The church can be found all along the Refugee Highway. When at her best, she plays a unique and essential role in helping people survive and recover from forced displacement – a role that humanitarian agencies are not able to fill. The kinds of ministries listed on the green line called “Recovery Work” in the Continuum of Response (above) are well-suited to the ministry of a healthy church.
Photo: Refugee camp on the Aegean Sea (Behind the fencing and cement pillars topped with barbed wire)
We stood talking through the bars of the gate behind which security guards stood in their bullet proof vests. They refused to let us in, even though we were with friends who presently call the refugee camp behind the bars and barbed wire walls their home. It was an oppressive sight.
Our friends are young believers in Jesus. The denial to allow us to enter the camp to visit them in their container-converted-into-a-shelter was another dehumanizing moment. The father said how hard it is to feel human in such conditions. The weight of his words was almost visible.
The mother told us how much their Persian fellowship in Athens means to her and her family. They gather with other refugees in a home outside of the camp – in a home where they are welcomed, valued and treated as human. It is a fellowship of travelers from distant nations who have found Jesus to be a faithful friend in every circumstance.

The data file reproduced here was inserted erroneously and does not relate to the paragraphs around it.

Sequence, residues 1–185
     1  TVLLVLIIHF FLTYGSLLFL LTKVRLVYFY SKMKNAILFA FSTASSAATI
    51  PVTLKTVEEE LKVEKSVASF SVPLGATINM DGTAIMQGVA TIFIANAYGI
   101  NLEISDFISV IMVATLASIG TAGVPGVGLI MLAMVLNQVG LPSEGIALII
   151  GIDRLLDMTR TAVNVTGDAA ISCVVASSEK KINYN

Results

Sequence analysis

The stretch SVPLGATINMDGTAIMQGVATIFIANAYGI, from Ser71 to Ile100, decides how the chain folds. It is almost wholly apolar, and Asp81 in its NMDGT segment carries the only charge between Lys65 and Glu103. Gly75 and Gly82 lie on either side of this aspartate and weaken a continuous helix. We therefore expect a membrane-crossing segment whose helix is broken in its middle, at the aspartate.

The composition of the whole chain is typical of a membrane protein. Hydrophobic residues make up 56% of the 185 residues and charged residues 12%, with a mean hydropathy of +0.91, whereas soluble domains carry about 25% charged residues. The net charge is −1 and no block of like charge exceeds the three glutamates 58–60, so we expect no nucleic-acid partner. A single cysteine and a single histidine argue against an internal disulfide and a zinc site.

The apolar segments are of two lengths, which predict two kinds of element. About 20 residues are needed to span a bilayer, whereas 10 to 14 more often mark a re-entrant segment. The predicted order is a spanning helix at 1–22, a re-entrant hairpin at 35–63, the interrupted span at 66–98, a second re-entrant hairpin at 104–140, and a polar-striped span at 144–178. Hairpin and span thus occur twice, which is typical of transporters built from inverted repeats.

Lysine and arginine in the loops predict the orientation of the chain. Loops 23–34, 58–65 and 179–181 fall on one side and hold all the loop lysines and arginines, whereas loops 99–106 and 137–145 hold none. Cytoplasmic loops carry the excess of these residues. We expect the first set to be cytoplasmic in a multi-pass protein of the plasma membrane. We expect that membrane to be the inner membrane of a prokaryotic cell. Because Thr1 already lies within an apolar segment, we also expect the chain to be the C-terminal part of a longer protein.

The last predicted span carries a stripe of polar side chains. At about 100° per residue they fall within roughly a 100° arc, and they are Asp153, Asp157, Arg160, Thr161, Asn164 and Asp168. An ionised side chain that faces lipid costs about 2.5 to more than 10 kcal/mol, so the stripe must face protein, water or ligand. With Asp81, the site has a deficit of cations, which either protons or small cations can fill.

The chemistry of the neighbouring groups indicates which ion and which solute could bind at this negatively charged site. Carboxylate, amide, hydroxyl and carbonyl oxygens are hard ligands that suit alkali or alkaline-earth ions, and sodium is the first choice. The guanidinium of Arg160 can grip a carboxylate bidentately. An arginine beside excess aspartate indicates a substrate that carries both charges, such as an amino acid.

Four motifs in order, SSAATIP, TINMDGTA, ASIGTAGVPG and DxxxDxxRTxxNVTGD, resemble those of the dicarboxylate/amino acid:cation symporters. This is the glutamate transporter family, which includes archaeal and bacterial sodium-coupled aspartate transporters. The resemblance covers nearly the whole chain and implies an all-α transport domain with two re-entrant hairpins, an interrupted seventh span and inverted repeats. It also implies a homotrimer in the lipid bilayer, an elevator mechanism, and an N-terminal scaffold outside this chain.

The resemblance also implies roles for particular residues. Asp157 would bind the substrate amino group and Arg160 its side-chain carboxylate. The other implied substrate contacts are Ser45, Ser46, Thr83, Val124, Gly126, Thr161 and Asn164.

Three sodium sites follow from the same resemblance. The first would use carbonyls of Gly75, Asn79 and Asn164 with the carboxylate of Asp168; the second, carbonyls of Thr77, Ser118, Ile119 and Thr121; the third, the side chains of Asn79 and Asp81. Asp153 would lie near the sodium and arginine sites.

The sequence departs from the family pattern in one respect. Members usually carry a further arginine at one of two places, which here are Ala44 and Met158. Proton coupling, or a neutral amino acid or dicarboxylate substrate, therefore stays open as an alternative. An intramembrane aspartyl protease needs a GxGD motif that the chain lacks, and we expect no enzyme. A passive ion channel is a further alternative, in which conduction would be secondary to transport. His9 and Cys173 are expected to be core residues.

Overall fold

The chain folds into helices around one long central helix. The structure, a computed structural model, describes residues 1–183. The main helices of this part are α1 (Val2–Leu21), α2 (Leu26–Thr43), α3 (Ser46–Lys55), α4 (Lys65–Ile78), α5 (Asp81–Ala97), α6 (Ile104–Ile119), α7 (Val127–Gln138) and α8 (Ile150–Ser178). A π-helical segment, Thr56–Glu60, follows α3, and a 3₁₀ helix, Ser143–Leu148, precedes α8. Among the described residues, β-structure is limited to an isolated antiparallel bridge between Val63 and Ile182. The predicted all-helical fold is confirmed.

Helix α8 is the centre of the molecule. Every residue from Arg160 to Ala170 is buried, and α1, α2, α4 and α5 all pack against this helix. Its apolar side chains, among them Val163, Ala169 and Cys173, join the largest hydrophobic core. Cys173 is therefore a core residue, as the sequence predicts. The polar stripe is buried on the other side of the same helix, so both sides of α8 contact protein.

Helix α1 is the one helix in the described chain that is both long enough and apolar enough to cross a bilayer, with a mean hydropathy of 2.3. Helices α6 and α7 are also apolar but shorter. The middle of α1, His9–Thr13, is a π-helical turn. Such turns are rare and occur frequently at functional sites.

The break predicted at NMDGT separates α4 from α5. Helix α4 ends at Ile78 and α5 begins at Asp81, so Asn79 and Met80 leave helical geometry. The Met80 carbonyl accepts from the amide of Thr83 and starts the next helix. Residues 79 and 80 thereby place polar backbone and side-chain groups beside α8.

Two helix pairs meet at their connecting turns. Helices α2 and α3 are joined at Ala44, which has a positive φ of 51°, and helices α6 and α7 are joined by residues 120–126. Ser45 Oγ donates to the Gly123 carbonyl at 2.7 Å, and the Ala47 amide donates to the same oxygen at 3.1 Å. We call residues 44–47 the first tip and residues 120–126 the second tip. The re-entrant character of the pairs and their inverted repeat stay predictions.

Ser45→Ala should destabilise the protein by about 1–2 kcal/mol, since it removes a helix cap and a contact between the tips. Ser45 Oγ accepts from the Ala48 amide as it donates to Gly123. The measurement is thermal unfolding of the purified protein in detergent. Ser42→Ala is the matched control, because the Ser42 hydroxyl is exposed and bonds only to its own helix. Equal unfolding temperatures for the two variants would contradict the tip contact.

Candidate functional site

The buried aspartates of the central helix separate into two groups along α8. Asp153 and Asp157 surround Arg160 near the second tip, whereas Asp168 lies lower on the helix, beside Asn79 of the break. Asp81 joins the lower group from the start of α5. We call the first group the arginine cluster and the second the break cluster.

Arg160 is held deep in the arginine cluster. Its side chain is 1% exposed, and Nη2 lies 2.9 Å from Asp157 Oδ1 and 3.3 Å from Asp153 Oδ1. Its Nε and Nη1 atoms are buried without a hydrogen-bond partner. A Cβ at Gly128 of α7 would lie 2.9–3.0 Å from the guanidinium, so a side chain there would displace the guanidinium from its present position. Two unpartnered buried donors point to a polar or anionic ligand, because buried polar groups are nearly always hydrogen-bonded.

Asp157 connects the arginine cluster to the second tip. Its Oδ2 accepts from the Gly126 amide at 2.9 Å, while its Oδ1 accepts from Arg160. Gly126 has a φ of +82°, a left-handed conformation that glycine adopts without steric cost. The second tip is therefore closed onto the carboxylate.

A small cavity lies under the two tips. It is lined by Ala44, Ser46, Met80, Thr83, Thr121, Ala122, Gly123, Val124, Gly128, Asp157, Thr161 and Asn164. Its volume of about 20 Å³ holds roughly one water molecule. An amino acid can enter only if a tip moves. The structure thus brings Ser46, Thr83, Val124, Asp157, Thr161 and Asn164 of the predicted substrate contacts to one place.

We had joined their gathering the night before. The living room was full of refugees – brothers and sisters from Iran and Afghanistan. They shared how much Jesus means to them. Some spoke of the difficulties of their journey – and then said how it has all been worth it because they met Jesus on the way.
Photo: Refugee camp entrance – down the path and through the barred entrance
A group of churches in Jakarta (Indonesia) asked IAFR to meet with them on a Zoom conference call this past week. They have all found themselves engaging in refugee ministry and feel like they don’t know what they’re doing. The purpose of the call was to bring them together for the first time around this issue – and to get some perspective from IAFR. Rachel Uthmann (IAFR Director of Training) and I had the privilege of meeting with them for a couple of hours.
I was encouraged to hear how these churches are doing what they can to help asylum-seekers survive while in Jakarta. As Indonesia is not a signer of the UN Convention on Refugees, the situation for asylum seekers and refugees is extremely tenuous. They are not legally allowed to work and they are technically not supposed to be in country. Yet there are an estimated 14,000 women, children and men seeking refuge there. Most are from Iran, Pakistan and Afghanistan, but there are also refugees from Ethiopia, Eritrea ,Somalia and other countries.